Hilkhot Nashim: A Cautious Revolution 

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Gila Bieler-Hoch

During my time teaching Talmud in all-girls high schools, I discovered that many of my students believed they were not obligated to fast on the ‘minor’ fast days. One Asarah Be-Tevet, I arrived to class to learn that not only were none of my students fasting, but they had even brought a cake to celebrate a fellow student’s birthday. I was appalled that they had hardly registered the significance of the day and they were baffled that I had “chosen” to not eat breakfast.

Encounters such as these arise frequently. They are a symptom of a culture that has extended the concept of women being exempt from a few, mostly timebound obligations, far beyond its original mandate. Hilkhot Nashim combats these many misconceptions and has the ability to transform our current conversation about women and ritual practice.

At the outset, Hilkhot Nashim takes the stance that increased observance is an unequivocally positive step. Published by the Jewish Orthodox Feminist Alliance (JOFA) and Maggid books, this volume is an adaptation and expansion of JOFA’s Ta Shma series, originally edited by R. Rahel Berkovits and Devorah Zlochower. The Ta Shma series was first released over a decade ago and included three halakhic source guides – women and kiddush, women’s recitation of the mourner’s kaddish, and the permissibility of women to touch a Torah scroll. Until now, these booklets have been available for free online and for purchase in print. Hilkhot Nashim, the first volume in a planned series, is a collection of some of the topics covered in the Ta Shma series as well some new material, compiled into a more easily accessible book.

Despite the book’s origins, it would be unfair to say that it takes an overtly feminist stance. Instead, it is a work of classic Jewish legal analysis which applauds and encourages the efforts of women to find a cogent place in the vast world of Jewish ritual. Its sole agenda is to guide women and their communities in areas of ritual practice and to highlight where women may increase their halakhic observance.

A Book Made for Study

Similar to the Ta Shma series, the authors aim to empower women (and men) to make informed decisions about their own practice. The preface invites the reader to learn the book with a havruta, study partner. R. Rahel Berkovits, editor of this volume, writes, “In these essays, the rabbinic texts themselves are presented not as references but as the main focus of the discussion” (page xi). In other words, the goal is to present what is written in the texts and allow the reader to draw his/her own conclusions. The bulk of the volume is textual analysis while the authors’ opinions are rendered to a few paragraphs in the conclusions.

To achieve this goal, Hilkhot Nashim offers a unique format. Each section opens with a brief introduction, no more than a page or two, detailing the main questions to be discussed. The ensuing discussion is organized chronologically, divided by era – rabbinic sources, Rishonim, modern codes, etc.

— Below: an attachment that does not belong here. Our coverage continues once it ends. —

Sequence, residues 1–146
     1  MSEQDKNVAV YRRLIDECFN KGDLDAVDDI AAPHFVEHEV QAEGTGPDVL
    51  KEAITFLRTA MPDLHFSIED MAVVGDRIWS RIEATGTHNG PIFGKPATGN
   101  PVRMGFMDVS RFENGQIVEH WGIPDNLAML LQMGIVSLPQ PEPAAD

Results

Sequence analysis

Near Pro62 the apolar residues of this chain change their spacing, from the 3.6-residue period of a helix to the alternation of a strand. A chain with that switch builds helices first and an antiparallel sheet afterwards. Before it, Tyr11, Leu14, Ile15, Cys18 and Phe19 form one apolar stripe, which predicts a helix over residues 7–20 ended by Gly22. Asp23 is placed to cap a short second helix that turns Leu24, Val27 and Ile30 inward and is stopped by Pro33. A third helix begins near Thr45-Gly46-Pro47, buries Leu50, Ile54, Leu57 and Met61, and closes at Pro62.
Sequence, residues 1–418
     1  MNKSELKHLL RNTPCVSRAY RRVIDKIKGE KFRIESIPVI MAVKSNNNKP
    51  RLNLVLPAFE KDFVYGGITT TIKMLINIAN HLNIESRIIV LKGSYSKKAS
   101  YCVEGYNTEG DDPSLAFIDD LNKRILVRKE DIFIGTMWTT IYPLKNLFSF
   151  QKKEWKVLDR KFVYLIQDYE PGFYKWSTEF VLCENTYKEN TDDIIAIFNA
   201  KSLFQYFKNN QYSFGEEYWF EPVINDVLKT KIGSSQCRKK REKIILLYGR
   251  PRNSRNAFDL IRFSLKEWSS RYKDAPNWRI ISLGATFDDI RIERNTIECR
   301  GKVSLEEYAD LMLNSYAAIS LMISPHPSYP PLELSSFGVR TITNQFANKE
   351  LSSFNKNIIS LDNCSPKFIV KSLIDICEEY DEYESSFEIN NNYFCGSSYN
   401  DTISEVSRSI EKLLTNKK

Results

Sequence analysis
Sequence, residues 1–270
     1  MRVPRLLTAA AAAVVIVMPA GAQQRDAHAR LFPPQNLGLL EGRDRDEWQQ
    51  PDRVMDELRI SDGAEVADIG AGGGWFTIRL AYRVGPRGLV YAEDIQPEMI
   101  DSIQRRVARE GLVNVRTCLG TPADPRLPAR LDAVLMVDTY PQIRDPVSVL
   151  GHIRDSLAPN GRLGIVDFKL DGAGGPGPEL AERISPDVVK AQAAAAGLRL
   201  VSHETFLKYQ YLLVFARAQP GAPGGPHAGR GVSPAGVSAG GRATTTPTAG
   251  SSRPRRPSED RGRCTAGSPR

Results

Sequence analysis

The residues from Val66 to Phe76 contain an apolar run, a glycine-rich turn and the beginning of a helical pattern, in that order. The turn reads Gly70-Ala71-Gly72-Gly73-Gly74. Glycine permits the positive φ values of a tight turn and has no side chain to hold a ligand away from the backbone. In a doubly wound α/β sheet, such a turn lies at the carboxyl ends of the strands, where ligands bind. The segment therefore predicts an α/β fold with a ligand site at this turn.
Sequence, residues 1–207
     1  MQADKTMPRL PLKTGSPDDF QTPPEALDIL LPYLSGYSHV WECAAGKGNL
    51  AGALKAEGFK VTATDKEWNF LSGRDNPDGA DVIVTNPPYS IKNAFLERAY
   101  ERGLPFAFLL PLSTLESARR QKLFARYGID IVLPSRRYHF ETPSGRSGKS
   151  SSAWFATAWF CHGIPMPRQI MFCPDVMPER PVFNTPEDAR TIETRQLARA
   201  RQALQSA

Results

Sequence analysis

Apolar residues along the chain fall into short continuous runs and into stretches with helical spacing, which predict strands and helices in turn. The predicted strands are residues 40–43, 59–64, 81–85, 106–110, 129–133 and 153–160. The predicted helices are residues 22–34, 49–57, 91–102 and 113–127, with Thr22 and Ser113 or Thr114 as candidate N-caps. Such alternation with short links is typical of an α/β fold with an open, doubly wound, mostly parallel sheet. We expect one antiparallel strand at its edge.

Most sources are brought in their entirety (or slightly abridged for longer responsa) in the original language. Hebrew and Aramaic texts are translated to English in a side-by-side layout allowing readers of all levels access to the original text. The authors skillfully guide the reader through the sources, providing the historical context and impact of each text as well as short summaries at the conclusion of each chapter.

Following this format, Berkovits writes about women reciting the mourner’s kaddish. She explores the history of women’s acceptance of this obligation in light of the development of mourner’s kaddish in general. The author begins her discussion addressing whether a woman may recite the mourner’s kaddish. Concluding that it is permissible, Berkovits continues to discuss the transformation of the recitation of the mourner’s kaddish from a custom to an obligation, questions of modesty in the synagogue and whether kaddish may be recited from the women’s section. She is particularly sensitive to the difficult and emotional experiences of the mourner who desires to say kaddish for her parent. In contrast to the other two chapters which leave the final halakhic decision to the reader, Berkovits pushes one step further with a recommendation to communal leaders to permit this practice for those who choose to honor their parents in this way.

R. Dr. Jennie Rosenfeld discusses a woman’s obligation to recite birkat ha-gomel, the blessing said after surviving a life-threatening encounter. This chapter diverts from the others as the author emphasizes that women not only may recite birkat ha-gomel but in fact have an obligation to do so, equal to that of men. In contrast to the chapter on kaddish, the focus of this essay is to outline the options for women to fulfill this obligation aside from receiving an aliyah. Rosenfeld devotes special attention to whether this blessing should be recited after childbirth, adding an appendix for this situation unique to women.

Sara Tillinger Wolkenfeld examines women’s reading of Megillat Esther in both an all-women setting and reading for men. This section stands out as it addresses the delicate question how to best fulfill one’s own commandment as well as whether one may fulfill the obligation on behalf of another. May women read for men or only women? Is it ideal for this public commandment to be performed communally? While Wolkenfeld does not direct the reader towards a certain practice, she does conclude her chapter with the sentiment of R. Lau  that “the desire of women to participate will lead to a spiritual awakening,” a sentiment emblematic of the entire volume (page 390). She also addresses the questions of the proper blessings when women are reading as well as whether women are considered a minyan (and whether one is necessary) for megillah reading.